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Earth’s Nice Home Neighborhood

Apollo 8 mission photo of earthrise from the moon, photo credit: NASA

The earth is a designer planet.

Let’s consider some of the factors needed for life on planet earth

The bulk of the earth and its resulting gravity is meticulously calibrated. If the earth were only a touch larger, hydrogen would be unable to escape earth’s gravity. Hydrogen would ultimately collect in earth’s atmosphere, making the earth inhospitable. If the earth were only a tad smaller, oxygen would escape and water would evaporate. Small size changes in either direction would make life impossible.

The moon’s size is significant compared to that of the earth. This results in the satellite having a strong gravitational pull on the earth. This promotes life on earth by cleansing coastal seawaters and replenishing essential nutrients through tidal activity.

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The planets in the solar system have elliptical orbits. The eccentricity of earth’s orbit is slight; the points at which it is nearest to and farthest from the sun differ only slightly from the mean, by less than two percent. This is necessary for a relatively narrow temperature range for the planet. The earth’s seasonal weather patterns are principally due to the 23.5 degree tilt of the earth, not the eccentricity of its orbit.

Jupiter rotates every ten hours; Venus, every 243 days. If earth rotated every ten hours like Jupiter, wind velocities would be tremendous, indeed, Jupiter has wind velocities of over one thousand miles per hour. If earth took 243 days to rotate like Venus, life could not exist because the prolonged day and night temperatures would be extreme.

The ozone layer around the earth is shielding. Although the concentration of the ozone is small, only two to eight parts per million, it is critically important to life because it absorbs biologically harmful ultraviolet (UV) radiation coming from the sun.

Oxygen comprises twenty-one percent of earth’s atmosphere. Such precision in concentration makes life on earth possible. If the oxygen were twenty-five percent, fires would erupt spontaneously; if it were fifteen percent, human beings would suffocate. Nitrogen makes up seventy-eight percent of the atmosphere, diluting the oxygen, and serving a vital role as a fertilizer for plant life. Argon is 0.93 percent, and carbon dioxide makes up about 0.04 percent of the atmosphere. Without carbon dioxide, plant life would be impossible. Without plants taking in carbon dioxide and giving off oxygen, human life could not exist.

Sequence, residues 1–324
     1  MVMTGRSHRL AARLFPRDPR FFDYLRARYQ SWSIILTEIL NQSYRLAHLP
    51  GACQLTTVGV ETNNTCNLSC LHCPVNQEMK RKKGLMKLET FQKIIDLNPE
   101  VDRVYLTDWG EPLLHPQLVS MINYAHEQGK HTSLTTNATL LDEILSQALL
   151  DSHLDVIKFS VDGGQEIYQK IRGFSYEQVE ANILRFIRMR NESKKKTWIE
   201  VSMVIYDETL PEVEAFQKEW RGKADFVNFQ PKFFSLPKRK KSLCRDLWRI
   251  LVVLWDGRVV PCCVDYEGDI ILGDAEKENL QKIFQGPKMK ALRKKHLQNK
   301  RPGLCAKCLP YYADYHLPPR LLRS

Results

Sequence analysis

Life on earth depends upon liquid water, so earth cannot be too close or too far from the sun. Astronomers estimate that if the earth were two percent closer to or farther from the sun, water across the planet would all evaporate or freeze. Water is one of the rare substances that enlarges when frozen, expanding by ten percent in solid form, so that ice floats on top of liquid water. In winter, rivers and lakes freeze from the top down. If ice did not float, rivers and lakes would freeze from the bottom up, and all the bodies of water would become solid ice. Marine life as we know it would not exist on such a frozen orb.

Earth has the greatest density of any planet in the solar system, with a sizable nickel-iron core that is responsible for the planet’s magnetic field. This magnetic field holds in place what is known as the Van Allen radiation belt, which protects the earth from solar radiation bombardment. Life would not be possible on the earth without this shielding.

Jupiter’s mass and location in the solar system is a factor in collecting or deflecting a portion of the comets that orbit around the sun. Without Jupiter in its current position, life on earth would be impossible due to the larger number of comets that would be colliding with earth. It is estimated that there would be as many as 10,000 times more earth-comet collisions without Jupiter’s protective location.

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Scripture tells us, “The heavens declare the glory of God; and the firmament shows His handiwork” (Psalm 19:1). In the same way that a finely made precision timepiece shows the skill, care, planning, and fine craftsmanship of its maker, the incredibly fine exactness, balance, and wisdom evident in the design of planet earth declares the greatness of its Maker.

Steve Rosenoff with dog portrait

Written by Steve Rosenoff

What I learned by teaching Apologia and my own curriculum content for 20 years and as a research chemist for 23 years before teaching, I bring to the table in my presentations. I have two Masters degrees: One in Science Education and the second in Curriculum Design and Learning. Dr. Jay L. Wile called me, "The best teacher with which he has worked." My first love is Jesus Christ and I have been born again for 52 years; my second love is my wife and our Golden Retriever, Ginger; and my third love is science and science education. You can find my training sessions at Red Wagon Tutorials

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